Jean-Luc Mélenchon

From Wikipedia, the free encyclopedia
Jump to: navigation, search
Jean-Luc Mélenchon
Baydemir & Mélenchon 2015 (cropped) 2.jpg
Member of the European Parliament
from France
Assumed office
14 July 2009
Minister of Vocational Education
In office
27 March 2000 – 6 May 2002
Prime Minister Lionel Jospin
Preceded by Claude Allègre
Succeeded by Luc Ferry
Member of the Senate
from Essonne
In office
1 October 2004 – 7 January 2010
Succeeded by Marie-Agnès Labarre
In office
2 October 1986 – 24 September 1995
Personal details
Born Jean-Luc Antoine Pierre Mélenchon
(1951-08-19) 19 August 1951 (age 65)
Tangier, Tangier International Zone (now Morocco)
Political party Internationalist Communist Organisation (Before 1977)
Socialist Party (1977–2008)
Left Party (2008–present)
Other political
Unsubmissive France (2016–present)
Alma mater University of Franche-Comté
Website Official website
European Party website

Jean-Luc Mélenchon (French pronunciation: ​[ʒɑ̃.lyk me.lɑ̃.ʃɔ̃]; born 19 August 1951) is a French politician.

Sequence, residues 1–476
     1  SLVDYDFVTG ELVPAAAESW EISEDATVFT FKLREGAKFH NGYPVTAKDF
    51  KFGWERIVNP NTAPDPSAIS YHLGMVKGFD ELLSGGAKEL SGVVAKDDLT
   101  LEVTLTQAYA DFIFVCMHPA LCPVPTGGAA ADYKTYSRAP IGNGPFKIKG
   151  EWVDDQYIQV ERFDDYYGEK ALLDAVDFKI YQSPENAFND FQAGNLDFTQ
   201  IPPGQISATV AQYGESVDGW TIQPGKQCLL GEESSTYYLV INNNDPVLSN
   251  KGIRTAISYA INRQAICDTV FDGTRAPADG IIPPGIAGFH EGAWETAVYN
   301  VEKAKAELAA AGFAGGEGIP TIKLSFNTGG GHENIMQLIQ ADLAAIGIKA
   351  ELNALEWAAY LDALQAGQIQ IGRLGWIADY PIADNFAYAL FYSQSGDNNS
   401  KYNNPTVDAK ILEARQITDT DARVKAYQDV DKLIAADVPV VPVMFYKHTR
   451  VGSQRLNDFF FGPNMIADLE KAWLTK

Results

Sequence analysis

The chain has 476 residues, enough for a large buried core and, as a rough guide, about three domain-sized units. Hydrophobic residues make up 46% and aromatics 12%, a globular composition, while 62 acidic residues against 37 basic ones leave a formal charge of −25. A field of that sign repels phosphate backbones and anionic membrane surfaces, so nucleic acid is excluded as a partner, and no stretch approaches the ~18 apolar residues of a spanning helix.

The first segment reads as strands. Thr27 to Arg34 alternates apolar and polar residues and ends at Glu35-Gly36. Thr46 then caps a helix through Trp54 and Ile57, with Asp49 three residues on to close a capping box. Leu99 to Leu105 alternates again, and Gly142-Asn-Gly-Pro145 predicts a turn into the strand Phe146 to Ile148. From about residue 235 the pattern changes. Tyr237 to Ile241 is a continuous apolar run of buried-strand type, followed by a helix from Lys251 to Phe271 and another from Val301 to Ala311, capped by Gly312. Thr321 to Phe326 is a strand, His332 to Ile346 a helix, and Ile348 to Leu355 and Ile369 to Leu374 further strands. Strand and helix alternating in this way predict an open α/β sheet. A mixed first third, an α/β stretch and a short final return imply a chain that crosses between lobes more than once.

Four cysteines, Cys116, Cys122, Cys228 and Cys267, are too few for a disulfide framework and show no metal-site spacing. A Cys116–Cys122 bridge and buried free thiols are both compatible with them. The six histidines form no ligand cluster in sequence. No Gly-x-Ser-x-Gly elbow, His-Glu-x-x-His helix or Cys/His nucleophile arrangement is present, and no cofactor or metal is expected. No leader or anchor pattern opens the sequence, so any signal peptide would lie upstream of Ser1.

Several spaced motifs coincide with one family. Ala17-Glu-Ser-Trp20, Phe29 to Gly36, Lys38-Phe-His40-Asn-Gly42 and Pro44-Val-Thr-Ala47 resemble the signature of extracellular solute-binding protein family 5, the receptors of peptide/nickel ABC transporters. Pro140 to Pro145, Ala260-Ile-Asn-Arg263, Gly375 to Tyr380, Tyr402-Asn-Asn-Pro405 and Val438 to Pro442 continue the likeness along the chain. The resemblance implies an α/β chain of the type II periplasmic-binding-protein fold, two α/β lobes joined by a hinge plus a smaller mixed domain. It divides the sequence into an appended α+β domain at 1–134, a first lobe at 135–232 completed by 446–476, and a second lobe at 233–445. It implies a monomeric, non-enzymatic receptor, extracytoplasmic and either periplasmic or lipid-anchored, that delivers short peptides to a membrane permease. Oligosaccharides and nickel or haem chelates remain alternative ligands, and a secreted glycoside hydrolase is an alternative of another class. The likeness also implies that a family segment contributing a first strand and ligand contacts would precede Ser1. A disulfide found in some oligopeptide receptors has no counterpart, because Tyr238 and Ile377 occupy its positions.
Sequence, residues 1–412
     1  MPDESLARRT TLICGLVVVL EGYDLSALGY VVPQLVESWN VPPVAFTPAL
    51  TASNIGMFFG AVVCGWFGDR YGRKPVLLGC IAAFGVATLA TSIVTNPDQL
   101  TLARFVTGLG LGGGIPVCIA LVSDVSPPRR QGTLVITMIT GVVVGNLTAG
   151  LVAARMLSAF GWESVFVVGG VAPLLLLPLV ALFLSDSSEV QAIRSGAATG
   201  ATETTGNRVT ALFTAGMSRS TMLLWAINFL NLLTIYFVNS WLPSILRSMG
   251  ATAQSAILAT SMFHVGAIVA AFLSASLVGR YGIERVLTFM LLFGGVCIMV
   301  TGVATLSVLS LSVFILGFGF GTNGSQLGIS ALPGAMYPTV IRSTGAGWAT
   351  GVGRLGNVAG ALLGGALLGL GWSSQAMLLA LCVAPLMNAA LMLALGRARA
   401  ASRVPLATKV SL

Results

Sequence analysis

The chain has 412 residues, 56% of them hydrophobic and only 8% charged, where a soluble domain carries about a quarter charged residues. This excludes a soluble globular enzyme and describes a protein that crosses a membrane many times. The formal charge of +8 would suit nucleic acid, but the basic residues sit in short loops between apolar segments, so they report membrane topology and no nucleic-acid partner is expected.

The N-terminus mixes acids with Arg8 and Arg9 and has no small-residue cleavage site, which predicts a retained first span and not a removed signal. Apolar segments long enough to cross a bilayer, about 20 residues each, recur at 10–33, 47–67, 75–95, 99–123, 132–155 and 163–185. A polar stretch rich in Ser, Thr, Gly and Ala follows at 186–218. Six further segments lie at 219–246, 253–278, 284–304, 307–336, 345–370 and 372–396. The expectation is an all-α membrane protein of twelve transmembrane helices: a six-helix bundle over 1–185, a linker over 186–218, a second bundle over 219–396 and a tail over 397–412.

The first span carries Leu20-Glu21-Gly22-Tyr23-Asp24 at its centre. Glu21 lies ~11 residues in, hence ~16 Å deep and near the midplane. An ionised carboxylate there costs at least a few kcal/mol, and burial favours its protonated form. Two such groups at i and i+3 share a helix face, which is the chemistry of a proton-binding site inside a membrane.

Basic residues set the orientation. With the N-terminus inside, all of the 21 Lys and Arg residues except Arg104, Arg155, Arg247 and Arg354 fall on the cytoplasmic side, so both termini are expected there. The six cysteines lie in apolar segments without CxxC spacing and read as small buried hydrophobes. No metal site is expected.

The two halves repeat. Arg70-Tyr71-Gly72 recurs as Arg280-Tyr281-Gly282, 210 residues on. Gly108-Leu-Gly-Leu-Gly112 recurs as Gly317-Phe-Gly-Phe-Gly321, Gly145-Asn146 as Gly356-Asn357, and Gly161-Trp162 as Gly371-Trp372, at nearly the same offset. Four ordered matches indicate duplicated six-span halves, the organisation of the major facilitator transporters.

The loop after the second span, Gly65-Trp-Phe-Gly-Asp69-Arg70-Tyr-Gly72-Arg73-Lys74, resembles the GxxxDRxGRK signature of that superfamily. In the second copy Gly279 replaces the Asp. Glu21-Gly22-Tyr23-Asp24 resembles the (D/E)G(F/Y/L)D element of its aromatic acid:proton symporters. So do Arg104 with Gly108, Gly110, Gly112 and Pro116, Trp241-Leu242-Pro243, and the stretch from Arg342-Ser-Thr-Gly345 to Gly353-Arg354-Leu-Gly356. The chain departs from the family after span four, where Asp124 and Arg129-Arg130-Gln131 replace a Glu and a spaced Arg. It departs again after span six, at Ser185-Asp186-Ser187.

After joining the Socialist Party in 1976, he was successively elected municipal councilor of Massy (1983), general councilor of the Essonne departement (1985), and senator of the same departement (1986, reelected in 1995 and 2004). He also served as Minister delegate of Vocational Education between 2000 and 2002, next to the Ministry of National Education, Jack Lang, in the cohabitation government of Lionel Jospin.

He was part of the left wing of the Socialist Party until the Reims Congress of 2008, at the outcome of which he left that party to found the Left Party with deputy Marc Dolez.[1][2] He was the president of the party, and then the co-president of it, along with Martine Billard, until August 2014.[3]

As leader of the Left Party, he joined the electoral coalition of the Left Front before the 2009 European elections and was elected member of the European Parliament in the South-West constituency (reelected in 2014). During the protest movement against the pension reform of 2010 his public stature grew thanks to his many public and television appearances. He was also the candidate of that coalition in the 2012 presidential election, at the outcome of which he came in fourth, receiving 11.1% of the votes. He is a candidate to the 2017 presidential election "outside the frame of political parties", and founded the movement "Unsubmissive France" (LFI) in February 2016.